• Sowerby Methodist Church
    Sowerby Methodist Church
    Methodism took root in Sowerby with
    the first premises registered for worship
    in 1816.
    Despite some early opposition to
    non-conformism, the church flourished and
    the present building was erected in 1865
    to replace other premises in Back Lane.
    Later a school room was built
    on the back of the Church
    and this was further extended in 1925.
    The Church was renovated
    and rededicated in 1997.
  • Front Street
    Front Street
    At the heart of Sowerby village is
    Front Street, with its avenue of English
    lime trees planted in 1887 to commemorate
    the Golden Jubilee of Queen Victoria.
    By that time Front Street had already been
    developed with larger Georgian and
    Victorian houses built by the wealthier
    families moving out of Thirsk's busier and
    more congested town centre.
    The village greens which enhance either
    side of Front Street were bought for the
    community by the Parish Council in 1986
    and were subsequently given statutory
    protection by acquiring the status of
    Registered Common Land.
    Present day management of the village
    greens is subject to the local bye-laws.
  • St Oswald's Parish Church
    St Oswald's Parish Church
    From about 1140 until the middle of the
    19th century St. Oswald's was a Norman
    chapel serving a village.
    The tower was added in the 15th century.
    The chapel was rebuilt and enlarged in 1842
    but as the village grew the Church needed
    to be further enlarged in 1902.
    Of the earlier Norman foundation
    only the south wall of the Nave remains,
    together with the fine South Doorway,
    which has a medieval oak door.
    The Church contains a number of
    extremely beautiful stained glass windows.
  • The Flatts Play Area
    The Flatts Play Area
    Starting from the 1798 enclosures,
    Sowerby Flatts was an area of
    open grazing land.
    It was purchased by the community in 1959
    and today it is a place for recreation
    and outdoor activities, as well as
    continuing to provide some grazing
    for sheep and cattle.
  • Miss Warner's Field, The Flatts
    Miss Warner's Field, The Flatts
    Originally purchased to preserve the view
    across to the Hambleton Hills from
    her house, the field was given by Miss Warner
    to the Flatts Preservation Trust in 1976.
    Since 2002 a scheme for the restoration
    of native plant species has been
    carried out in the area.
  • The Lambert Memorial Hospital
    The Lambert Memorial Hospital
    The hospital was founded in 1890 by
    Mrs. Sarah Lambert of Sowerby, in memory
    of her husband and his father,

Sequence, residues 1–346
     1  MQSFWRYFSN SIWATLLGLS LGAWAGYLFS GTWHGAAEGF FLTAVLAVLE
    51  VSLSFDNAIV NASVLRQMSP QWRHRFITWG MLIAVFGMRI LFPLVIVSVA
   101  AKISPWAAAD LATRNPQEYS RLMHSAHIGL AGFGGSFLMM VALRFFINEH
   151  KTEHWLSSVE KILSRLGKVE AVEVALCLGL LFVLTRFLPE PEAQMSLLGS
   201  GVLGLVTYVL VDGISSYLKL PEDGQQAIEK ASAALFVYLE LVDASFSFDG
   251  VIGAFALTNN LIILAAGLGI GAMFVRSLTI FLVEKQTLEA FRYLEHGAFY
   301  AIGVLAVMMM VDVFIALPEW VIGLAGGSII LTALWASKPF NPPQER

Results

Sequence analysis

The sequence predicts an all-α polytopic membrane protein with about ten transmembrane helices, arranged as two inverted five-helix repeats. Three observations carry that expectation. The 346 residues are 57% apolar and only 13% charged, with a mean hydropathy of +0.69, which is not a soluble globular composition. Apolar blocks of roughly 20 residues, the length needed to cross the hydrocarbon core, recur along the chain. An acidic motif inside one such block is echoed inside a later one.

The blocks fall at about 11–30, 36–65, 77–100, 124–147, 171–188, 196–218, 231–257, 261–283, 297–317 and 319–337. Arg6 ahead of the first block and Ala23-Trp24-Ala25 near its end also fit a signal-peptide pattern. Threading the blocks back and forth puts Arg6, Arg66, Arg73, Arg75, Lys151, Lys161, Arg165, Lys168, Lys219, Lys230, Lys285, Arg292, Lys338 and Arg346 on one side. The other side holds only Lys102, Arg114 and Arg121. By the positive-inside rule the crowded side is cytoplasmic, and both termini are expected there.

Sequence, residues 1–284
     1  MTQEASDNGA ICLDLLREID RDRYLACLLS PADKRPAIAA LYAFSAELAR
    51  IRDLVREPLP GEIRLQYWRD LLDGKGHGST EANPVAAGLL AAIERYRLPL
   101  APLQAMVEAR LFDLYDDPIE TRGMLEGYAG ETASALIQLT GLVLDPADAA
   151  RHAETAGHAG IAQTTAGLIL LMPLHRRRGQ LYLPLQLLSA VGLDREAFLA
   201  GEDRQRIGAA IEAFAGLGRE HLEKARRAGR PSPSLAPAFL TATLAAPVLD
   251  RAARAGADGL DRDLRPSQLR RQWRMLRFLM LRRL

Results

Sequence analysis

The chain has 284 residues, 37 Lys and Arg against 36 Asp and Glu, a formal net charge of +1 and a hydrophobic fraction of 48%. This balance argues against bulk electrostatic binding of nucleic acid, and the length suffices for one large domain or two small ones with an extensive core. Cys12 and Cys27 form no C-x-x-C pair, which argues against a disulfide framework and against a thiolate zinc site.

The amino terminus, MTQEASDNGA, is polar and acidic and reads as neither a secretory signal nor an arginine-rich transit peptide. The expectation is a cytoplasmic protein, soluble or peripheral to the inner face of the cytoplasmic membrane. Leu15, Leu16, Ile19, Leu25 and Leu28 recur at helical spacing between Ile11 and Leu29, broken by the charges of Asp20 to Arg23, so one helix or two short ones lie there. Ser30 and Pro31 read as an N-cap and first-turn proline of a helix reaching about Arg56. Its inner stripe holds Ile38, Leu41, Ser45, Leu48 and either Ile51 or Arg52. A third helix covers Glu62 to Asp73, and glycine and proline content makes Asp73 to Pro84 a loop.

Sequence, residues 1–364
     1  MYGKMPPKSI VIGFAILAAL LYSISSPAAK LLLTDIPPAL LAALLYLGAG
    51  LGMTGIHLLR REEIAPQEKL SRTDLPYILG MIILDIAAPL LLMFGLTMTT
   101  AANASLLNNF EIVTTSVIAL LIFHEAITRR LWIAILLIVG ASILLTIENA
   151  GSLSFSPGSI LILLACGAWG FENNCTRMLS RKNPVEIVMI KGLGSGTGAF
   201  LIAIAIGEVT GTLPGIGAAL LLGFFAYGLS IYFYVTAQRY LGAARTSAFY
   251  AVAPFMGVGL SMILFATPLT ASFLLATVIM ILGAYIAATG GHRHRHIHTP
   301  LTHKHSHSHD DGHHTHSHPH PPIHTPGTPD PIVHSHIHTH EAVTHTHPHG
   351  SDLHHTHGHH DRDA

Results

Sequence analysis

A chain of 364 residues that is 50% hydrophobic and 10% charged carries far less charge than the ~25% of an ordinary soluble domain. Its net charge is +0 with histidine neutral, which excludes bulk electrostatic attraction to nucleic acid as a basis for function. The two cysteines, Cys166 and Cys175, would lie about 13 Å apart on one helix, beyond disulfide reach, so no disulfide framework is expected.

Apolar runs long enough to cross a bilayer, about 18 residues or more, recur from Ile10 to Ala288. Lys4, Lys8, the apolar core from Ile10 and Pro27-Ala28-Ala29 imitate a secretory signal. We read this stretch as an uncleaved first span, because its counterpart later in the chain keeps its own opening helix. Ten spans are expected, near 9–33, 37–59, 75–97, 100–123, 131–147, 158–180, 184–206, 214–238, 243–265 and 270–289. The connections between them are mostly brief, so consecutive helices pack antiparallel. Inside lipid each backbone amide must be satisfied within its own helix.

William Lambert, an eminent local doctor.
    Now part of the NHS it is supported
    locally by the League of Friends of
    the Lambert Hospital, a registered charity,
    which raises funds to provide extra
    equipment and facilities.
  • Rural Arts North Yorkshire
    Rural Arts North Yorkshire
    Rural Arts is an independent charity
    based in The Old Courthouse which works
    with children, young people and community
    groups across North Yorkshire to bring
    accessible, creative opportunities
    to all age and abilities.
    The building dates from 1885.
  • World's End Bridge
    World's End Bridge
    The bridge, built in 1672, is Grade II
    listed by English Heritage.
    It is a single span stone bridge
    which formed part of the transport network
    when pack horses were used to convey
    goods around the country carrying heavy
    loads in panniers strapped
    to either side of their body.
  • Pudding Pie Hill
    Pudding Pie Hill
    This Scheduled Ancient Monument
    is a burial site dating back to the period
    between 2400 - 1500 B.C.
    It is an example of a relatively large
    and well preserved burial mound
    of the "bowl barrow" type.
  • Thirsk School and 6th Form College
    Thirsk School and 6th Form College
    Established in 1957 as Thirsk Grammar
    and Modern School, by the North Riding
    County Council, to provide secondary
    education for children from Thirsk, Sowerby
    and the surrounding district.
    It became Thirsk School in 1970 and is
    now organised as an 11-18 mixed,
    comprehensive secondary school.
    From 2004 it was renamed as
    Thirsk School and Sixth Form College.
  • Sowerby Community Primary School
    Sowerby Community Primary School
    This school building was first opened
    in 1919 to house Thirsk Grammar School.
    When the Grammar School moved out in
    1957 the premises were taken over by
    Sowerby Junior School.
    In 1980, following the closure of
    Sowerby Infant School on Front Street
    where it had been since 1872, the Junior
    and Infant Schools were merged on the
    Topcliffe Road site to form
    Sowerby County Primary School.
    Later the school was renamed
    Sowerby Community Primary School.